The European Central Bank (ECB) has launched its second Long-Term Refinancing Operation (LTRO), with hundreds of banks scooping up €530 billion via its cheap three-year loans programme.
Appetite for the latest LTRO was slightly above experts' expectations, with many predicting banks would borrow €500 billion via the scheme.
The ECB's LTRO works by injecting a bulk sum into the eurozone's financial system, helping to shore up the region's lenders that are struggling to raise money on capital markets. At the same time, Europe's teetering financial institutions have had to contend with increased capital requirements, putting further pressure on banks' balance sheets.
The banks that took part in today's LTRO will access short-term loans at an interest rate of 1%.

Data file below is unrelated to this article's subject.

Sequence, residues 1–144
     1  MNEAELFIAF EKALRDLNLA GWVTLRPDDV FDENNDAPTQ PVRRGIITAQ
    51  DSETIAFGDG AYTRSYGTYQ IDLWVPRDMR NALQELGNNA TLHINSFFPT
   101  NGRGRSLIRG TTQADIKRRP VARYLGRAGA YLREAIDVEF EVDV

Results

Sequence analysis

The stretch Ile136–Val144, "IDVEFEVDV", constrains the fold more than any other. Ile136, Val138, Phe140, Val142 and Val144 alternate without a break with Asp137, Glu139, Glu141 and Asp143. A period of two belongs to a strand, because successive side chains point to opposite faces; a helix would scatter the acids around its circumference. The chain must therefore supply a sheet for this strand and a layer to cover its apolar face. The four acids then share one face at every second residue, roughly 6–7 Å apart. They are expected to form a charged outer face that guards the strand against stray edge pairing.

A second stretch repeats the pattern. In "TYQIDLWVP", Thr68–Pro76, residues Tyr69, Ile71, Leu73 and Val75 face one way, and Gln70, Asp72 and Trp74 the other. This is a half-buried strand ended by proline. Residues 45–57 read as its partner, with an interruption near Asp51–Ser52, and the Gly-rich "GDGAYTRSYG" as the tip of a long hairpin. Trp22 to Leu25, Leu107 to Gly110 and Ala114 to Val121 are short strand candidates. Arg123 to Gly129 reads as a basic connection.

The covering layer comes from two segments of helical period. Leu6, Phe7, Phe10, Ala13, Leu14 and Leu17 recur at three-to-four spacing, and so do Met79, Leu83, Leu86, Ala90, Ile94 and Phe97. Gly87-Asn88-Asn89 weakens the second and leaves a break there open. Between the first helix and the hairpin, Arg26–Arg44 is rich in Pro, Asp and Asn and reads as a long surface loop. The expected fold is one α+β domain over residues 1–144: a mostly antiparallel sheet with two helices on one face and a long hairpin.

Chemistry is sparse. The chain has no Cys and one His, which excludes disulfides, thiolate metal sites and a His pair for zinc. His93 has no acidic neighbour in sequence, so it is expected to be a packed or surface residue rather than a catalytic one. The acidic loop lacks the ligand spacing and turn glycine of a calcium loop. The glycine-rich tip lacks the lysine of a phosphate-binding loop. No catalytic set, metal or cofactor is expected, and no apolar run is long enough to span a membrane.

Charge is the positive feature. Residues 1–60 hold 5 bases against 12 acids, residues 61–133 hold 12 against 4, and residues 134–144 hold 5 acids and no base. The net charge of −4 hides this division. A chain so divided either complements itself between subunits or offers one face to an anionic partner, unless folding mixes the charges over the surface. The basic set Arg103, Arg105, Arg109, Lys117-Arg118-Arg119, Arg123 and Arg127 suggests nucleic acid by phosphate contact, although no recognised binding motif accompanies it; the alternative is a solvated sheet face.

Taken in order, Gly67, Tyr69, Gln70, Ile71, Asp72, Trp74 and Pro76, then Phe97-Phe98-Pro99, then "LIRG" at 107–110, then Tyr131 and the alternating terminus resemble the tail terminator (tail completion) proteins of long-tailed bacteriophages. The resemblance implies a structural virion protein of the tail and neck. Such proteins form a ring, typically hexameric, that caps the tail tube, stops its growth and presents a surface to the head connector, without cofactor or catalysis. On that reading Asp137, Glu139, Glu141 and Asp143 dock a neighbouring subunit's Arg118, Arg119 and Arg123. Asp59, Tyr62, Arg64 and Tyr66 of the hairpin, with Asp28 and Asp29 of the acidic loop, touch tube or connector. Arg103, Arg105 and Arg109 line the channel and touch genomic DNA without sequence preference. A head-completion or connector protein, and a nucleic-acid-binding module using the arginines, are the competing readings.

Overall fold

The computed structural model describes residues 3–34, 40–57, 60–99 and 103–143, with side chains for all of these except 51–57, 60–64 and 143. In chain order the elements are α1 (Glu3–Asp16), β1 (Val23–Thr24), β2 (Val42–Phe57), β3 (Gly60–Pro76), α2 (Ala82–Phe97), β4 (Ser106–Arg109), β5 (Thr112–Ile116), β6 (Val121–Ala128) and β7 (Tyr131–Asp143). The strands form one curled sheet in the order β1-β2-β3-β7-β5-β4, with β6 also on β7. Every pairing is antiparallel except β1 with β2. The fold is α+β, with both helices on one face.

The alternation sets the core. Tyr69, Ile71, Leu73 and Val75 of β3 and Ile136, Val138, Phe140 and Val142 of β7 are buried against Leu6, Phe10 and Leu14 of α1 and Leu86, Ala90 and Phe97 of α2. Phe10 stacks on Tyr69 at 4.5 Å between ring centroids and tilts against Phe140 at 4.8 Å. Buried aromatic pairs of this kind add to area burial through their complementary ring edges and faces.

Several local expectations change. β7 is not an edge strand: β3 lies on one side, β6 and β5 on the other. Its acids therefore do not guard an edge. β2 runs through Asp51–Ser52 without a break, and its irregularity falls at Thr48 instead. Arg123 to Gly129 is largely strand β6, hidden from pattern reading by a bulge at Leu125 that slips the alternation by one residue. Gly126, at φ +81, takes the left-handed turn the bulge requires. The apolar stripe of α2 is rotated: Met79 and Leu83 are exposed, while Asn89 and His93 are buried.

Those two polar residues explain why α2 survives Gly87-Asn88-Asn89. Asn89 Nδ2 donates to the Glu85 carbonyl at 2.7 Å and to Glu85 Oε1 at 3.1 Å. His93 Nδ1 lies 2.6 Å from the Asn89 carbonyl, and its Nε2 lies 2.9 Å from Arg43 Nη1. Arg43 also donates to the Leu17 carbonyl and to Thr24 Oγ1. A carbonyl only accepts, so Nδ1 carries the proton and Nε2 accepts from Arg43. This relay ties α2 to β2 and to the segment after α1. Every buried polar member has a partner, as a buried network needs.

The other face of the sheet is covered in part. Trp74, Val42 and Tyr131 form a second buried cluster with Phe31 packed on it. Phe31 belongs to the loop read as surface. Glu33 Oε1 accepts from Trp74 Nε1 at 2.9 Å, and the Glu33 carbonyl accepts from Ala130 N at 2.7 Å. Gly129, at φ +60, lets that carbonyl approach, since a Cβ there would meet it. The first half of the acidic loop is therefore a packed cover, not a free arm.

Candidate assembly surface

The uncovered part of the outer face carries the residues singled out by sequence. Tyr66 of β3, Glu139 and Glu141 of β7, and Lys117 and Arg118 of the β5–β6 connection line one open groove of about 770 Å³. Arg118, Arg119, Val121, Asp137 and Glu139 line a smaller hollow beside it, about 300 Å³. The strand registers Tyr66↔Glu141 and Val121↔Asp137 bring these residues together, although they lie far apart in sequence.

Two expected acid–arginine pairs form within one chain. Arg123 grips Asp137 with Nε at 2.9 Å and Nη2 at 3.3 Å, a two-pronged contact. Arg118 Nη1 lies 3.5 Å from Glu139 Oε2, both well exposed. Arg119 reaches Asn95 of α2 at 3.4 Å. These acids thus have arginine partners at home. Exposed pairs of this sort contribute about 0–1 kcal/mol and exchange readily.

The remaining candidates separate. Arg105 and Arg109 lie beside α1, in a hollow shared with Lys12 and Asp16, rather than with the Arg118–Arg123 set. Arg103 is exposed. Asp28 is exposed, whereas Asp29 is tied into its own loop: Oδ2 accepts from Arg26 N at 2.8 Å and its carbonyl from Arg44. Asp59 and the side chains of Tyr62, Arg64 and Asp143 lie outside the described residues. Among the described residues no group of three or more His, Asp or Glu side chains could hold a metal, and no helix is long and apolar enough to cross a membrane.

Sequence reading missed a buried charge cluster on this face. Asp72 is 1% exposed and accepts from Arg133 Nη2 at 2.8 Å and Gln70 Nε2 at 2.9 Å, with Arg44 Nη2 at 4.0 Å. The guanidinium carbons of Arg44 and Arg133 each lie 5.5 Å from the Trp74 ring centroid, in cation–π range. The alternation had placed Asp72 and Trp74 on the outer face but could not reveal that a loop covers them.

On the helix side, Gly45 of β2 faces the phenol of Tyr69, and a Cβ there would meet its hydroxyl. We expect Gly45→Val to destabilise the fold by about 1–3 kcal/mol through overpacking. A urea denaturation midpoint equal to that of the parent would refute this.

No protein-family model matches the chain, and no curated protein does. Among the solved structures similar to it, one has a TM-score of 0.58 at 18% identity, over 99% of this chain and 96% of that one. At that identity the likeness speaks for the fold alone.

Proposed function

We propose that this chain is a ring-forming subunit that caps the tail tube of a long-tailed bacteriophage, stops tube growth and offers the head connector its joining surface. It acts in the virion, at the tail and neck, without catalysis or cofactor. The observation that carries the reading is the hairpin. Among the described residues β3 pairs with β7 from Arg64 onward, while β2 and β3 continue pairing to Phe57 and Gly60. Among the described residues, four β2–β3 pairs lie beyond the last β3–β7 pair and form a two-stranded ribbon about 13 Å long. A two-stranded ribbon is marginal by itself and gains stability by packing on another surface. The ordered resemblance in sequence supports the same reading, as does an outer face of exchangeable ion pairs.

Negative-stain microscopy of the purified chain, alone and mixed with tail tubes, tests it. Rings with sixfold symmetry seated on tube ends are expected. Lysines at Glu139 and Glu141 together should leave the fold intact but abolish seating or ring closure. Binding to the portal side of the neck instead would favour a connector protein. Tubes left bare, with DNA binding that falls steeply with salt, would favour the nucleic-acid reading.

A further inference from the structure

The first programme, launched in December last year, attracted a total of 523 banks which borrowed a total of €489 billion. The lenders that took part were thought to include part-nationalised institutions Lloyds Banking Group and Royal Bank of Scotland. Others, like Deutsche Bank, said they had chosen not to participate because the scheme carried with it a 'stigma' of being in difficulty.
A total of 800 banks took part in today's LTRO, after which the euro single currency showed signs of weakness and fell.
Economists reacted positively to the new operation though, with Capital Economics' claiming it reduced the chances of the UK suffering another crunch.
'The ECB’s second long-term refinancing operation conducted this morning should alleviate the risk of a renewed credit crunch, not just in the euro-zone, but in the UK too,' the consultancy said,
However, Capital fears UK bank funding markets will still look strained despite the operation. 'We continue to anticipate some tightening of credit conditions for firms and households over the next few months,' Capital said.